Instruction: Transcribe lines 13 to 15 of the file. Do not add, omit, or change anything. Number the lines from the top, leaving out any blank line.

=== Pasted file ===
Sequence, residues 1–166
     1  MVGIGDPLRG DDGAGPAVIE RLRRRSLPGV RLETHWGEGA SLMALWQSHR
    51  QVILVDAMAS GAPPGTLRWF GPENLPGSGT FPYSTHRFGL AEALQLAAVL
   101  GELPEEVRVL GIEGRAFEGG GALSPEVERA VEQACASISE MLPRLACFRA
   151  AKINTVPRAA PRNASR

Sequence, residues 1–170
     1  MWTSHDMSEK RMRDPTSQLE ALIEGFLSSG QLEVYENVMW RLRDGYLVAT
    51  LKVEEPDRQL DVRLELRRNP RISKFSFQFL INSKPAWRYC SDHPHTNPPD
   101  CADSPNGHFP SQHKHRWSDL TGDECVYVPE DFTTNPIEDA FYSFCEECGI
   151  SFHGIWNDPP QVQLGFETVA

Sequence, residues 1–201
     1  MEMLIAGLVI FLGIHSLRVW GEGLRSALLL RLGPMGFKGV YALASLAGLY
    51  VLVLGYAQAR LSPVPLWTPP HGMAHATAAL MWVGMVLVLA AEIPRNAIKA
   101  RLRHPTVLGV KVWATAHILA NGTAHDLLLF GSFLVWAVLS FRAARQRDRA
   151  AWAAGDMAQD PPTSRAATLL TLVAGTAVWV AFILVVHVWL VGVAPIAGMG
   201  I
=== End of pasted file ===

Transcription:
    51  VLVLGYAQAR LSPVPLWTPP HGMAHATAAL MWVGMVLVLA AEIPRNAIKA
   101  RLRHPTVLGV KVWATAHILA NGTAHDLLLF GSFLVWAVLS FRAARQRDRA
   151  AWAAGDMAQD PPTSRAATLL TLVAGTAVWV AFILVVHVWL VGVAPIAGMG